San Francisco Mayor Gavin Newsom not only has to beat a batch of better-known rivals in the Democratic primary for governor, but also must overcome the Curse of Sunny Jim.
James “Sunny Jim” Rolph, Jr. was the last person who served as mayor of that city to be elected governor of California. The longest-serving mayor in San Francisco history — 1912-1930 -– Rolph was also the last sitting S.F. alcalde to be governor.
Since he died in office in 1934, three other big-name mayors of the town tried and failed to duplicate the feat:
Joe Alioto’s 1974 effort was skunked by Jerry Brown (who liked the experience so much he’s trying it again 35 years later).
George Christopher, the last Republican to be S.F. mayor, couldn’t overcome some guy named Reagan in the 1966 GOP primary (Christopher also has the footnote distinction of running for lieutenant governor in 1962, when Richard Nixon was humiliated by Jerry’s dad in the governor’s race and promised – falsely – that we wouldn’t have him to kick around anymore).
And Dianne Feinstein, the Hamlette of the 2010 governor’s race, got tripped up in 1990, three years out of the mayor’s office, when Pete Wilson’s mean machine used her San Francisco-centric words and deeds on issues like affirmative action, illegal immigration and gay rights to run over her.
Now Newsom, who’s best known for being the state’s most visible advocate for gay marriage – “whether you like it or not,” as he famously crowed in the best pro-Proposition 8 ad of that winning campaign last year – thinks his San Francisco connection will give him a boost in the campaign for governor.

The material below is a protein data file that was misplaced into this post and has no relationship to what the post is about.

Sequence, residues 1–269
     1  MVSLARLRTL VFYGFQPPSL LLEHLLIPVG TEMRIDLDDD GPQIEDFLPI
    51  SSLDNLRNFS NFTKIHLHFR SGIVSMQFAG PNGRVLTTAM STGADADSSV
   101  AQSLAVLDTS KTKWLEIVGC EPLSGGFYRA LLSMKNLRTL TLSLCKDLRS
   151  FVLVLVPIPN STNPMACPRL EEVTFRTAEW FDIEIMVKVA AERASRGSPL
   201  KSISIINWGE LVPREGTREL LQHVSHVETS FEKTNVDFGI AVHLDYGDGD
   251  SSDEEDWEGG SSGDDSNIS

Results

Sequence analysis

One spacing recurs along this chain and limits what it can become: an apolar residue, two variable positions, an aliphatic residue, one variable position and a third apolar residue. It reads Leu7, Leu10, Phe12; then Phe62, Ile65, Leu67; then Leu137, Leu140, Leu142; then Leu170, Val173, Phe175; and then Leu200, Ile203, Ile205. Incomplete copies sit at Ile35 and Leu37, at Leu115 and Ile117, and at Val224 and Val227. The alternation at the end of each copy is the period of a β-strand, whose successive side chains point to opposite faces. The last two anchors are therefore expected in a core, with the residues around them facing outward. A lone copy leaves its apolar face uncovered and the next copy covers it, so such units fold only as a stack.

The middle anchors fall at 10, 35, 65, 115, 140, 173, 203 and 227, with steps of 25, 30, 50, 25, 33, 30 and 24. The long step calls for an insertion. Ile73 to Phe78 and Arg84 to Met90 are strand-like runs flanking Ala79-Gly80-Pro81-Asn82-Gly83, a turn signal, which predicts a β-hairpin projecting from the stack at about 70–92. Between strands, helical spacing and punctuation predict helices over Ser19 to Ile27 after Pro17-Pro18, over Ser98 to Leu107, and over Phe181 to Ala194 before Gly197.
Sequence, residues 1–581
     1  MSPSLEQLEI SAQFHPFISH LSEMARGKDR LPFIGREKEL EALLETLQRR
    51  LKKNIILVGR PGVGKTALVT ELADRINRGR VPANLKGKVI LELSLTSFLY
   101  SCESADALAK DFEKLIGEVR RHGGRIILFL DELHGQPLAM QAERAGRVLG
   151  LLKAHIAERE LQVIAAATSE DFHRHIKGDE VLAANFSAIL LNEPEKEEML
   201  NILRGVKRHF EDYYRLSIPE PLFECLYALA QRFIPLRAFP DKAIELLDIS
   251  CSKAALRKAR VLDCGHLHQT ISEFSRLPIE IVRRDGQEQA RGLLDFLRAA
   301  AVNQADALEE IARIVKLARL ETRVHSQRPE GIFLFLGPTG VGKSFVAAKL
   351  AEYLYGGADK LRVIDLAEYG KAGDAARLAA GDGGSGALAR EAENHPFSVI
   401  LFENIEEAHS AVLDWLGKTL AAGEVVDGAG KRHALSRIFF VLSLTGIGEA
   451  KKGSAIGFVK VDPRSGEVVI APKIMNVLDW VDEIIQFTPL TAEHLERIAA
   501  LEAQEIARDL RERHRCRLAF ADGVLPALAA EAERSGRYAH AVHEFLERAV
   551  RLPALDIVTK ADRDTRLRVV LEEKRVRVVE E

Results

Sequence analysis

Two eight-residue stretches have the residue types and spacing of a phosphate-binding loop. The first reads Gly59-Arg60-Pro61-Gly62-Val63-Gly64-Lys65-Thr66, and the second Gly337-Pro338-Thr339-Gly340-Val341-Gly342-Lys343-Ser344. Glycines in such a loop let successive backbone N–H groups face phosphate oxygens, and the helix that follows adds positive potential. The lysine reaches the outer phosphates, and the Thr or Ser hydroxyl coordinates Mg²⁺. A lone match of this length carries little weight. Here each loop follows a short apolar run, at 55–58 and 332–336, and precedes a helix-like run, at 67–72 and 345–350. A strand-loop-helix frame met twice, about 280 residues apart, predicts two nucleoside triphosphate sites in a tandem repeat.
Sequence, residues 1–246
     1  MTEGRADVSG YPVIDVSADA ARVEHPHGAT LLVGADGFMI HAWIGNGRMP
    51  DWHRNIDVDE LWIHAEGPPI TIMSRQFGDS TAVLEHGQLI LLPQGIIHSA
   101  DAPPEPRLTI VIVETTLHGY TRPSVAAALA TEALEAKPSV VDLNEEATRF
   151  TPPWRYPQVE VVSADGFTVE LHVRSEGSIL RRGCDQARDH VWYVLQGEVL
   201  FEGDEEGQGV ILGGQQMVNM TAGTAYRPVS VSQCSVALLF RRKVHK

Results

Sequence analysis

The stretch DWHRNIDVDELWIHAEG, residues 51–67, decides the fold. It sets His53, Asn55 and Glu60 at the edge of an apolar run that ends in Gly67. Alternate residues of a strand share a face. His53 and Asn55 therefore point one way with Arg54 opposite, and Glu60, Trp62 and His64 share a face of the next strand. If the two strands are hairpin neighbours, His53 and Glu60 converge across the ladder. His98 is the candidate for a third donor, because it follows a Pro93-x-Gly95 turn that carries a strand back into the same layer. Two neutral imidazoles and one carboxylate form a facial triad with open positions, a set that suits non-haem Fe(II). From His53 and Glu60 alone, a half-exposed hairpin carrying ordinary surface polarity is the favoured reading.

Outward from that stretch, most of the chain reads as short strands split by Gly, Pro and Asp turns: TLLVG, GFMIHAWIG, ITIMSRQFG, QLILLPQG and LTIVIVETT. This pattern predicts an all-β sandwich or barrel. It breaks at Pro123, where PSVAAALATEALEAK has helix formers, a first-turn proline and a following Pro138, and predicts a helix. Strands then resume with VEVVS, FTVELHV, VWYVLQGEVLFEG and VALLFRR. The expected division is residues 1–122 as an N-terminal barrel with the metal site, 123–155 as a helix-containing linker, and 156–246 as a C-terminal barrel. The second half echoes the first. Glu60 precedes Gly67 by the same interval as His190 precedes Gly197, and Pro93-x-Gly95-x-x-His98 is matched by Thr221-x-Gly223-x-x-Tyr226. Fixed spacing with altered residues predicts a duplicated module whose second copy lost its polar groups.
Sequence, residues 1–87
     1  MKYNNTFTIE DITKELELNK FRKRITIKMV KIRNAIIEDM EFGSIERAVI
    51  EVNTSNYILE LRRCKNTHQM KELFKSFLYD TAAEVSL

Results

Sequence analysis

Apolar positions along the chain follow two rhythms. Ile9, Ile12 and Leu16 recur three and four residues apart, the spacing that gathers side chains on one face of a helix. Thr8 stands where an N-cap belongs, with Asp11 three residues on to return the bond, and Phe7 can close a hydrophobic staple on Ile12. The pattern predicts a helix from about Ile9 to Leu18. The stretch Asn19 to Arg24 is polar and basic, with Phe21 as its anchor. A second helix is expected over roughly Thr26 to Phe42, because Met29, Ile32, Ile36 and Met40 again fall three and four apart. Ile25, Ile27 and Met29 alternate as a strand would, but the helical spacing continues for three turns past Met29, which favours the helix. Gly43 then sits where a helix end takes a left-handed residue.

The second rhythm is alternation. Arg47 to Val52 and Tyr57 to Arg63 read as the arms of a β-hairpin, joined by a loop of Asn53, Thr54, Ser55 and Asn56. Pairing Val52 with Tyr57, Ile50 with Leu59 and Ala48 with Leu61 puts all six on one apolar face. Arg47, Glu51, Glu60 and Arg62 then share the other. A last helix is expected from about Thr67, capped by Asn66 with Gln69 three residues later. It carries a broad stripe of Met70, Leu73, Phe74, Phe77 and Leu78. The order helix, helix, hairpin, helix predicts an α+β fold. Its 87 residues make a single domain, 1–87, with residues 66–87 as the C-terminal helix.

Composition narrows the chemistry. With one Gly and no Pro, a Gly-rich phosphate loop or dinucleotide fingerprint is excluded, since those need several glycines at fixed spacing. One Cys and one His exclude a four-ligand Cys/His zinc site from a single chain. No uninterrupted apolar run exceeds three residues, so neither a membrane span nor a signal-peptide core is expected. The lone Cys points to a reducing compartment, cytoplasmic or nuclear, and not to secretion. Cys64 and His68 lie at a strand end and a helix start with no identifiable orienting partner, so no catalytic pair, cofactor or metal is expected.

In a recent interview, we posed this question to Newsom: How will you overcome the negative associations many Californians have about your city and San Francisco values?
“It’s an advantage right now,” Newsom replied. “We’re outperforming the rest of the state in many ways –- we have fewer job losses, we have a budget reserve, our bond rating was upgraded, we’ve passed universal health care, which is a top-of-mind issue –- these are all rather transcendent issues right now.”
As for gay marriage, Newsom told us that the weight of the recession and economic decline have made the polarized issue of same-sex unions a second-tier concern. “People…have moved on,” he said. Uh, except for that whole Prop. 8, Supreme Court thing.
Before a town hall event this week in Santa Barbara, calbuzz’s World Marketing Headquarters, Newsom said that as governor he would:
— Fight to change the two-thirds vote requirements for passing a budget and raising taxes in the Legislature, to end the GOP’s minority veto. Government by Twitter: Newsom said he had favored a 55-percent requirement, but a recent “firestorm” of comments to his Twitter account convinced him to rethink a 50-percent-plus-one standard.
— Consider an amendment to Proposition 13 establishing a split roll property tax assessment system, relaxing limits on annual increases for commercial real estate while leaving intact restrictions on residential property raises, a change that would generate billions for government. Prop. 13 long has been the third rail of California politics, but Newsom said that voters he has met “want that to be on the table.”
— Rule out future increases in state income tax rates, but might support a plan to “modernize” the state sales tax, lowering the rate but extending it beyond sales of goods to a range of services.
— Oppose any expansion of offshore oil drilling in California. Newsom said he was “disappointed that Obama changed his position on that.”
— Support efforts, as a matter of public safety, to permit illegal immigrants to have drivers’ licenses. Newsom pointed with pride to a widely inclusive system for public identity cards in San Francisco, calling it “a national model.”